North Carolina Aims to Eradicate Uncovered Boobs

Heads-up, women who enjoy being topless in North Carolina, your (boobs') time (in the warm southern sun) may soon come to an end. A GOP-backed bill is headed to NC's House that would amend the current indecent exposure law to expand the definition of "private parts". Under the new bill, "private parts" explicitly includes "the nipple, or any portion of the areola, of the female breast." Because TITS ARE TERRIFYING!!!

Are we seriously wasting our time and money on this shit?

Yes. Yes, we are. And apparently it's stemmed become some Republicans are pissed about feminist protests:

Co-sponsor Rep. Rayne Brown, R-Davidson, told members of the House Judiciary Committee on Wednesday that her bill was triggered by topless rallies promoting women's equity that were held during the last two years in Asheville. Though her district is more than a two-hour drive from Asheville, Brown said her constituents are concerned whether the topless protests are legal.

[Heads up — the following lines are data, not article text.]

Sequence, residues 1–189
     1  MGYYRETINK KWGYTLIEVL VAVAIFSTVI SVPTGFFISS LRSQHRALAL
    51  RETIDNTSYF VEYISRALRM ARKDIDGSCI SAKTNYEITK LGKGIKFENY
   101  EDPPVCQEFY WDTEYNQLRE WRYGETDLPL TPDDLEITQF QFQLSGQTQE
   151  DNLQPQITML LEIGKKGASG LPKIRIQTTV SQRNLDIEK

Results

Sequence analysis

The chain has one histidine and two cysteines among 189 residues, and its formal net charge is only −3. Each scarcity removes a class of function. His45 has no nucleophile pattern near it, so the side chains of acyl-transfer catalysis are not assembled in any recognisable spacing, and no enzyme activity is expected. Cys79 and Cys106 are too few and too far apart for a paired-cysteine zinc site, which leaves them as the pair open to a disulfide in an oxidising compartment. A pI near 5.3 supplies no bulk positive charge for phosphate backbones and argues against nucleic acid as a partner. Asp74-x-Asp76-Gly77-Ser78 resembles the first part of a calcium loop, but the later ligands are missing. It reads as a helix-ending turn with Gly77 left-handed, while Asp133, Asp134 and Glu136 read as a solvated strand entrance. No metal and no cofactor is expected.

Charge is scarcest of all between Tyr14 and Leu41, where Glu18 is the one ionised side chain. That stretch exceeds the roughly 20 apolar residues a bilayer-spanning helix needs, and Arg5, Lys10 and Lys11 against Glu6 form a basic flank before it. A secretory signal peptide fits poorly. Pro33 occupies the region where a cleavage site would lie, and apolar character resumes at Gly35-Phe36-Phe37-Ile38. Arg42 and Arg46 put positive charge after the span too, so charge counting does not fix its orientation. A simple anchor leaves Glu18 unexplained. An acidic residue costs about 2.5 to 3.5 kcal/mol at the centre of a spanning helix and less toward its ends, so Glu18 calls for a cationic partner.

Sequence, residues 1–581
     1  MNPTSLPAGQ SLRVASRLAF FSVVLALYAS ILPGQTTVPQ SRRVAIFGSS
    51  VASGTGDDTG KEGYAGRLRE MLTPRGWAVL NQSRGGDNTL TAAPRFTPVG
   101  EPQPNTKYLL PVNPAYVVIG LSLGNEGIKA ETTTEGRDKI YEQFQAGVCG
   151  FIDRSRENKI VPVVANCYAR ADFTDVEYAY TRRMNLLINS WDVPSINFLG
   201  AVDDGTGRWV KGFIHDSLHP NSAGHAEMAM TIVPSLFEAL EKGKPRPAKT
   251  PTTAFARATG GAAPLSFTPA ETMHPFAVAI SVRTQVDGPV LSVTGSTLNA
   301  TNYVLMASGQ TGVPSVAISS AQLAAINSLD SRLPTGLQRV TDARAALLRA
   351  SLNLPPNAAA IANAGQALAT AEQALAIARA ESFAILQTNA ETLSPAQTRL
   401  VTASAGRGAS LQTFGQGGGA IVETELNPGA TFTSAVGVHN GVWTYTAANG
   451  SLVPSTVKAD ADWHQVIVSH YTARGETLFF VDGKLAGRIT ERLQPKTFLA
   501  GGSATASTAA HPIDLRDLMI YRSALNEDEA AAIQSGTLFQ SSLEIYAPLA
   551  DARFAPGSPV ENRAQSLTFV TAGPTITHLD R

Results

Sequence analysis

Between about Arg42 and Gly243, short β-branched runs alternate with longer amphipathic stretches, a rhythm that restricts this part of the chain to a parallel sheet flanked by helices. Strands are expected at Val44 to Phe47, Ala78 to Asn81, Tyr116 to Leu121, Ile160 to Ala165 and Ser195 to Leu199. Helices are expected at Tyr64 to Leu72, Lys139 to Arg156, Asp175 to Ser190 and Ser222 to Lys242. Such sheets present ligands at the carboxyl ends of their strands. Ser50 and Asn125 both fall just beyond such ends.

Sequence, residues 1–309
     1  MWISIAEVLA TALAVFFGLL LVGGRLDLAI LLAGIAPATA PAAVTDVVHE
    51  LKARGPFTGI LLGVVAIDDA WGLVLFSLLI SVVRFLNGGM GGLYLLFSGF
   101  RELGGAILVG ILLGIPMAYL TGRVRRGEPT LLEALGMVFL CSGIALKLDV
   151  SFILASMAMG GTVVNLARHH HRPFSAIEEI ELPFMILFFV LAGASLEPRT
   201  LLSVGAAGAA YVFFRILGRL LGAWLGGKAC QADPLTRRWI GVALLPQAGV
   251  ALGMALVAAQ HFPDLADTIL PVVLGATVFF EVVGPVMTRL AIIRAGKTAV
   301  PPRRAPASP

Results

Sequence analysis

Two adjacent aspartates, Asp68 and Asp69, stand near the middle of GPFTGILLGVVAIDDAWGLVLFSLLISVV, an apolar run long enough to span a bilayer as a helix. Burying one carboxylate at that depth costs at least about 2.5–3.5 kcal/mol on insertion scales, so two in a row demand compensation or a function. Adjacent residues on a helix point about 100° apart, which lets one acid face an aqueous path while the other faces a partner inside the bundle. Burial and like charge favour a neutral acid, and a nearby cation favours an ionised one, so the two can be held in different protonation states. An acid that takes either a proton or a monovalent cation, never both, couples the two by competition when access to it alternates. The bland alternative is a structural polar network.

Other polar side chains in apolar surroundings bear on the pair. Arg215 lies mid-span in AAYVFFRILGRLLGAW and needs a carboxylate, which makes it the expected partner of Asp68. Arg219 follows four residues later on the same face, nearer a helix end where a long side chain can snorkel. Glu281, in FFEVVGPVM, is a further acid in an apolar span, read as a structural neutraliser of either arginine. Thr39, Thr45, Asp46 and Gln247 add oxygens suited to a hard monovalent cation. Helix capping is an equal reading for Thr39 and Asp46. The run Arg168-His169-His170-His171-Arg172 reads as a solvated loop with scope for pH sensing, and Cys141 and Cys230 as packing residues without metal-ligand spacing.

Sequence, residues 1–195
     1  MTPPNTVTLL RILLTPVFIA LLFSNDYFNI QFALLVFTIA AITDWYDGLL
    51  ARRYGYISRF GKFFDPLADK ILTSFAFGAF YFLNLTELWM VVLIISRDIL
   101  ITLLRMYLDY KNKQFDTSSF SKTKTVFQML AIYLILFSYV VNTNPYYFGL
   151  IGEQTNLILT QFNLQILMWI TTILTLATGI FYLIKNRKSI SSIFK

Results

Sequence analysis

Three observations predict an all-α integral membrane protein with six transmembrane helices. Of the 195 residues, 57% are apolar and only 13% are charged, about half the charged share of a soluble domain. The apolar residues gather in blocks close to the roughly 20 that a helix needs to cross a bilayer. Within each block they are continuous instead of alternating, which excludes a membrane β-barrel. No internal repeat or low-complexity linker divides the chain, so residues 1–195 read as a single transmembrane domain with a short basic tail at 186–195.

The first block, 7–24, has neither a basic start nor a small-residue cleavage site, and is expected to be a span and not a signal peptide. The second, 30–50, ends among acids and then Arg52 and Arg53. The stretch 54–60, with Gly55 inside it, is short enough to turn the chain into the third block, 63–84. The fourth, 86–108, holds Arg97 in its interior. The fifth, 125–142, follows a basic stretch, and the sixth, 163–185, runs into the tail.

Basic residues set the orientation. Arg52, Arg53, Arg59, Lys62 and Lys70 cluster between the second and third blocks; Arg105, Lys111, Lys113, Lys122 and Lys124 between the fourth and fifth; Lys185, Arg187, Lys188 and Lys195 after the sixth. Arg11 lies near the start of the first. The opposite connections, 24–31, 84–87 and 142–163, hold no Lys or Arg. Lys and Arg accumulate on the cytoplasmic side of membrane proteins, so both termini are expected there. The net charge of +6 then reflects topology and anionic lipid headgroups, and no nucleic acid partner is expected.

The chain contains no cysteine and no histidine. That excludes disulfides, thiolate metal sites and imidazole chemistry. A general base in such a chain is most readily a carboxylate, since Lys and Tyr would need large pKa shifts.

So, Rep. Brown is so disturbed by equality that she's trying to push legislation to shut women up? Come on, it's ASHEVILLE! If you take nudity away from them, what will those awesome hippies have left? Besides some damn good vegan restaurants, and a surplus of Tevas? Leave Asheville alone! Besides, you can put back on their tops, but you can't take away their bullhorns.

Plus, as Rep. Annie W. Mobley, D-Hertford, suggested, a woman wanting to get around the proposed law could simply cover her nipples with tape.

"You know what they say, duct tape fixes everything," agreed Rep. Tim Moore, R-Cleveland. Har de har har. But really, this is why we are an empire in decline. However, if they did go with the tape thing, it would mean their topless protests would get the same amount of press. Actually, it might be more because the duct tape makes it even weirder. So, yes. This is totally useless.

At least there's exceptions made for breastfeeding moms and "sexually oriented nightclubs". For now.

The proposed bill now goes from committee to House, and if it passes there, it'll head to Senate vote, and finally to the governor.

[ABC]

Image via Konstantin L / Shutterstock.